16 May 2013

Star Trek - Into Darkness ****SPOILERS******

Alright , just in case anyones still reading this, I'm giving an even heavier spoiler warning than my normal blog contains. I just saw Star Trek Into Darkness (Because JJ Abrams hates numbers). If you haven't seen it yet and want to see it unspoiled and unbiased, turn away now. No seriously. I will give away the entire plot.

So, lets get this out of the way first. Despite every denial by cast members and crew, yes, Benedict Cumberbatch is portraying Khan Noonien Singh. John Harrison is merely a smokescreen. Khan is also the only name Cumberbatch gives, we only get the full name later, when...you know what, we'll get to that later.

So that noone can say I'm unfairly bashing this movie, let me begin by talking about the things this movie did right. Timewise, about 60% of the movie was good. However, the 40% that was bad was the far more important and powerful 40%.

Things that were good:
1) The cast: The cast was (mostly) excellent. I'm not entirely qualified to judge acting skills, so I'm basing this on how much they feel, to me, as if they get the spirit of their character. Zachary Quinto and Karl Urban stand above the others, though Zoe Saldana, Simon Pegg, Anton Yelchin, and John Cho were all also quite good. Benedict Cumberbatch played Khan admirably, despite the shortcomings of the character's writing and the fact that he looks nothing like Khan is supposed to. I truly felt that Quinto and Urban had their characters down perfectly, and at times would have sworn I was looking at a young Nimoy instead of Zack Quinto on screen. I didn't always buy Chris Pine as Kirk, but thats because noone can ever be Shatner.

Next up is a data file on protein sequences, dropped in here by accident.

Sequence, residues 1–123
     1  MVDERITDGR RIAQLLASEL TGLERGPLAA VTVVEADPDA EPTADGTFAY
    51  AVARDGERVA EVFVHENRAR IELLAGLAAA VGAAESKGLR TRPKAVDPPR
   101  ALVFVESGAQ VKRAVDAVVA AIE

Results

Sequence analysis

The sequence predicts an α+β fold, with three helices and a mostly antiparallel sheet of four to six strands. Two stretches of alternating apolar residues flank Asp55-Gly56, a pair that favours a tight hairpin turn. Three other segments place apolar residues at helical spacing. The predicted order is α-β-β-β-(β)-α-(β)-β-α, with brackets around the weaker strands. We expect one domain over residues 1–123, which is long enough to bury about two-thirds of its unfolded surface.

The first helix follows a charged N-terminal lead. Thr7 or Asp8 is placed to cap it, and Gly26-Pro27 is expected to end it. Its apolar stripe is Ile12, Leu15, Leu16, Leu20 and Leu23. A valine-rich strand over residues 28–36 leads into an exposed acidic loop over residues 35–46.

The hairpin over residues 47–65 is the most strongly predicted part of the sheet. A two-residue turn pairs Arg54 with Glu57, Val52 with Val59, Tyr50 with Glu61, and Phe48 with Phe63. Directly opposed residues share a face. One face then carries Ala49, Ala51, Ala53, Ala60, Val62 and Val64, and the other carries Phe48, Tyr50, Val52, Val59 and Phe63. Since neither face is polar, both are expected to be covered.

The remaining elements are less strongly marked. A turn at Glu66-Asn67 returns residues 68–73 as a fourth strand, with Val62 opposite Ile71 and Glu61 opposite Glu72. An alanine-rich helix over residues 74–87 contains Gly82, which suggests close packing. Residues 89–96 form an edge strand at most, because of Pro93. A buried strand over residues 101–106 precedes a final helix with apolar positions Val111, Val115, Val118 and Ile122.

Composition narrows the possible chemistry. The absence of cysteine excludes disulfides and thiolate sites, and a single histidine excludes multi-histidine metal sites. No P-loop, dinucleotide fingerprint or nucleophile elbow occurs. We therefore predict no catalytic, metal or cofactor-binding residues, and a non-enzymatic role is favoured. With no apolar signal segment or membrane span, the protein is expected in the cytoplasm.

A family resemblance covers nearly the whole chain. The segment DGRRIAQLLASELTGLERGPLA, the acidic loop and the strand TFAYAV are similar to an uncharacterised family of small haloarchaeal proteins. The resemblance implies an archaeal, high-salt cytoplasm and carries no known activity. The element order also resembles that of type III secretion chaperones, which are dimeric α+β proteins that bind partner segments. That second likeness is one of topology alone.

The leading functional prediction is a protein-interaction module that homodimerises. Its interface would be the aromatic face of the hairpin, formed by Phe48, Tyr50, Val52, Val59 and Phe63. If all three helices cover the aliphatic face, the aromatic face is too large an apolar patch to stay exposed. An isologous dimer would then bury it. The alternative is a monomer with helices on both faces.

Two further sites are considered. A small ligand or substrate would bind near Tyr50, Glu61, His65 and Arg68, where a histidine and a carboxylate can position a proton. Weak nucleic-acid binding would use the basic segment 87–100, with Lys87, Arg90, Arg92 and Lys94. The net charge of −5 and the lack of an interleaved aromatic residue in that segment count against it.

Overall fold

2)The Opening: The beginning of the movie was a lot of fun. Primitive people drawing an image of the Enterprise to worship is basically what I always figured Starfleet was worried about when the Prime Directive was violated on such a young species. Honestly, it was a great movie right up until Harrison turned to the camera and said "My name is Khan."

3) The Visuals: I thought the visual element was good, and even liked the look of the Klingons as sort of an intermediary between the original series and the first movies. Their ships also maintained a Klingon feel, while matching the "industrialized" feeling Abrams put into the movie, which I have no issue with. The battle scenes felt a bit rushed, but still looked excellent. I could have done without the cheesy "spear thrown right at the audience cause this is in 3d" moment, but then again, I could do without 3d in movies, period.

4)The Music: Excellent score, some nice musical nods to the Original Series and movies, as well as some consistent themes from last movie.

5)The Fanservice: This is extra impressive considering Abrams hates Star Trek, but there were plenty of great nods to the original series. One of my personal favorites was Dr Marcus asking Kirk if he remembered her friend Christine Chapel, the Nurse. Sulu was also sure to let us know that the ship used by Kirk to sneak onto Quonos was supposedly confiscated in the "Mud" incident. (For those unfamiliar, Harry Mud was a recurring "villain" in the original series) I also enjoyed that the events of the previous movie sparked the early creation of Starfleet's Section 31, which you may recall as the ultra-secret arm of Starfleet that attempted to recruit Julian Bashir on DS9.

6)Seatbelts: I've been asking this question since the first time I saw an original Star Trek show. Everytime any version of the Enterprise takes a hit from enemy weapons, consoles explode (because in the future they have terrible electrical surges apparently), the ship tilts, and people fall over, often right out of their chairs. This movie inserts over-the-shoulder harnesses for the bridge crew, which quite frankly makes you wonder, why the hell didn't anyone think of this before.

7)Being Suprised: I spoilered this movie for myself in advance. That did not affect my viewing. Honestly, one of the things I most thought I'd hate in advance was the use of Khan's "super-blood" to revive Kirk. The way it was played out led to a pretty epic fight scene. And you know what, the Original Series used some pretty hoakie plot devices itself at times. Plus, its better that Kirk is revived now. Otherwise, we would have had to endure JJ Abrams horrendous remake of Star Trek 3: The Search for Spock, which he probably would have called "Star Trek: Into Lightness" or some ridiculousness, because he hates numbers.

The Bad: